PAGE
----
Flight 1380

Hero pilot talks about how she landed crippled Southwest jet safely

Southwest pilot Tammie Jo Shults. (Twitter / ABC News)

“As long as you have altitude and ideas, you’re okay. And we had both,” Tammie Jo Shults told ABC News about safely landing a commercial airliner full of passengers after one of its engines blew out last month. Of course, there was more to the story than that. The famously humble pilot talked about the “life-changing experience and revealed why she wasn’t even supposed to have been in the cockpit for that flight and what she and her co-pilot talked about after the engine exploded.

Shults, a former Navy fighter pilot, and her first officer Darren Ellisor, a 44-year-old former Air Force pilot, sat down for in an interview for 20/20, their first public interview about their cockpit heroics. The plane was cruising at about 32,000 feet when one of the engines suddenly exploded, causing a rapid decompression and the plane to begin its own descent.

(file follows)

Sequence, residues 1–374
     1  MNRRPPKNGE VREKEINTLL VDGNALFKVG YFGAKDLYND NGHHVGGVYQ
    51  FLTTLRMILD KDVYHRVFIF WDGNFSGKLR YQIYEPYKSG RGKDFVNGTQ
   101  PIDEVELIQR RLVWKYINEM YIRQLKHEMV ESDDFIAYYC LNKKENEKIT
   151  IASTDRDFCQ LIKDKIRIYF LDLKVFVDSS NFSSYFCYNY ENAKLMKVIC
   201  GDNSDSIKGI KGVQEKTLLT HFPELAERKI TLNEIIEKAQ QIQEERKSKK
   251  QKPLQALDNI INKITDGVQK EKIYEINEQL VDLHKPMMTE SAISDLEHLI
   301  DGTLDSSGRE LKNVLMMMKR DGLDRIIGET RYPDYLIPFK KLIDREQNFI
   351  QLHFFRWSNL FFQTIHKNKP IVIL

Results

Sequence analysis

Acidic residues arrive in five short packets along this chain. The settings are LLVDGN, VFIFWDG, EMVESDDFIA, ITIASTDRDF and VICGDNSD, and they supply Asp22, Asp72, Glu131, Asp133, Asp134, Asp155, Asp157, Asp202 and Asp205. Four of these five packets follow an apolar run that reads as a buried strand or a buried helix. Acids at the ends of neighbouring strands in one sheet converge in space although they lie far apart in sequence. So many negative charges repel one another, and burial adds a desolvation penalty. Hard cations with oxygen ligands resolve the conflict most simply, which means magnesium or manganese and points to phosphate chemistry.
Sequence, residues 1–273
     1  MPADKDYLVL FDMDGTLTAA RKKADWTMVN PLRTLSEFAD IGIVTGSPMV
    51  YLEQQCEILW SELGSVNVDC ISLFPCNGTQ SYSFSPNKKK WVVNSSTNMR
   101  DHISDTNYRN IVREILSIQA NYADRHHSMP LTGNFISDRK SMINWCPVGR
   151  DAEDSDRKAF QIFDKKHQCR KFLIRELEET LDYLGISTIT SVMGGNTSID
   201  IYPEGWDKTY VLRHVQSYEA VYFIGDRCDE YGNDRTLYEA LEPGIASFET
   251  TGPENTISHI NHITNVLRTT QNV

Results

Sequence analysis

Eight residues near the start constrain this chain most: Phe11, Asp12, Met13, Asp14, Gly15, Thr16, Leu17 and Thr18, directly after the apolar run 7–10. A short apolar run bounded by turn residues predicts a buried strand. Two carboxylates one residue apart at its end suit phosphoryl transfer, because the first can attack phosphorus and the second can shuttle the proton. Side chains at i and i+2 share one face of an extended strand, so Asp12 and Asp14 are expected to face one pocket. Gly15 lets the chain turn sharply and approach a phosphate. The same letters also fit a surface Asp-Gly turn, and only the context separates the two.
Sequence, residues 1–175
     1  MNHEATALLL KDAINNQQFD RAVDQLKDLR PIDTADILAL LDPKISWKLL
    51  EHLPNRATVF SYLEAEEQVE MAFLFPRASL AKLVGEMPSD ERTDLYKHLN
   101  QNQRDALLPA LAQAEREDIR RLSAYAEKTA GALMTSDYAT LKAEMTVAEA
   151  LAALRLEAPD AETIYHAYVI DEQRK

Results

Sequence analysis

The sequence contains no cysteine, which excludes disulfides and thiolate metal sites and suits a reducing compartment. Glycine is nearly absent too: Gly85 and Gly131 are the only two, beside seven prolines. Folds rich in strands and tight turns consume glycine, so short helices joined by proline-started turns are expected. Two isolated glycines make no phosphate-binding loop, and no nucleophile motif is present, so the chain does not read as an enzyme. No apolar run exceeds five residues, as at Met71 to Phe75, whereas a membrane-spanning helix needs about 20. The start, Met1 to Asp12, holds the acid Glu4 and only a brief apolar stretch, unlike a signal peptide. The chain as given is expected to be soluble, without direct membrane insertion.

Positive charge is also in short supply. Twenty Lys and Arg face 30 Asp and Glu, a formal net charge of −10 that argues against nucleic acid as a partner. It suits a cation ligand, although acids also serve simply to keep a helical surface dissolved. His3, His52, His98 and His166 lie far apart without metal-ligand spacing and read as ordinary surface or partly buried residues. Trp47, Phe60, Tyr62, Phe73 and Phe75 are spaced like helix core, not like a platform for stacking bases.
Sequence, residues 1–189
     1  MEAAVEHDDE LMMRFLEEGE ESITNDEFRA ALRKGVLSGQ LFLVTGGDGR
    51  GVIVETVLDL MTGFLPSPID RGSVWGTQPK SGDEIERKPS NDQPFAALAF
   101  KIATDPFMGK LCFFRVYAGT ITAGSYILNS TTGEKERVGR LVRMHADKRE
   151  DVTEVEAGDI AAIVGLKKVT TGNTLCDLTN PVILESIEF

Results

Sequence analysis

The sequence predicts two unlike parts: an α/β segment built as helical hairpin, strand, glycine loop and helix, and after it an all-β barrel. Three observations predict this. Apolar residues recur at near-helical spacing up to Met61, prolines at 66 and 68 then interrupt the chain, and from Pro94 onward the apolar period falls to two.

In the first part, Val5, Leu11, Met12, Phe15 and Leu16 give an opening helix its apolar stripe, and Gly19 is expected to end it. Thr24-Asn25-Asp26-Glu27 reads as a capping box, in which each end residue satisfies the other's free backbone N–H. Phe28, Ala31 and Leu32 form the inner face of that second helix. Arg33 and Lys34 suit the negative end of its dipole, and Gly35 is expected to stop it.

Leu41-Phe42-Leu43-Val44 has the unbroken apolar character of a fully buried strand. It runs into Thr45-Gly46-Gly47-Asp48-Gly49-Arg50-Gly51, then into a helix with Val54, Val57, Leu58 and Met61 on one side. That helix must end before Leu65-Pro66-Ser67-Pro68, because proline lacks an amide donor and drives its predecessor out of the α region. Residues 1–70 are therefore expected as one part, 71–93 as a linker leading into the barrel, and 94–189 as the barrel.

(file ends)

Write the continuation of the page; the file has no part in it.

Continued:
“My first thoughts were actually, ‘Oh, here we go.’ Just because it seems like a flashback to some of the Navy flying that we had done,” Shults, 56, said. “And we had to use hand signals [and some yelling], because it was loud, and it was just hard to communicate for a lot of different reasons.”

The co-pilots didn’t even realize what exactly had happened at first. Their initial assessment was that the plane may have suffered a seizure. “The seizure of the aircraft would not cause a rapid decompressions, so we knew that something extraordinary had happened pretty quickly,” said Shults. “We would have turned to Philadelphia anyway and started coming down, we just wouldn’t have tried to get down so quickly. But getting down to richer oxygen was certainly an important task.”

From there on out, the two traded duties handing control of the plane back and forth to one another until Shults guided the jet to a safe touchdown in Philadelphia. “Aviate, communicate, navigate,” Shults remarked.

She also explained why she wasn’t even supposed to be captaining Flight 1380 that day. Her husband, Dean, who is also a pilot for Southwest, traded flights with her so she could make it home in time to attend her son’s track meet.

“Dean, being the amazing husband he is, said, ‘You go to the track meet, I’ll switch and take your trip.’ And so that’s why I was on the trip,” she said, adding, “I’m not trading [flights] with him anymore.”

Watch a highlight of the interview below.

Read the full story at ABC News.


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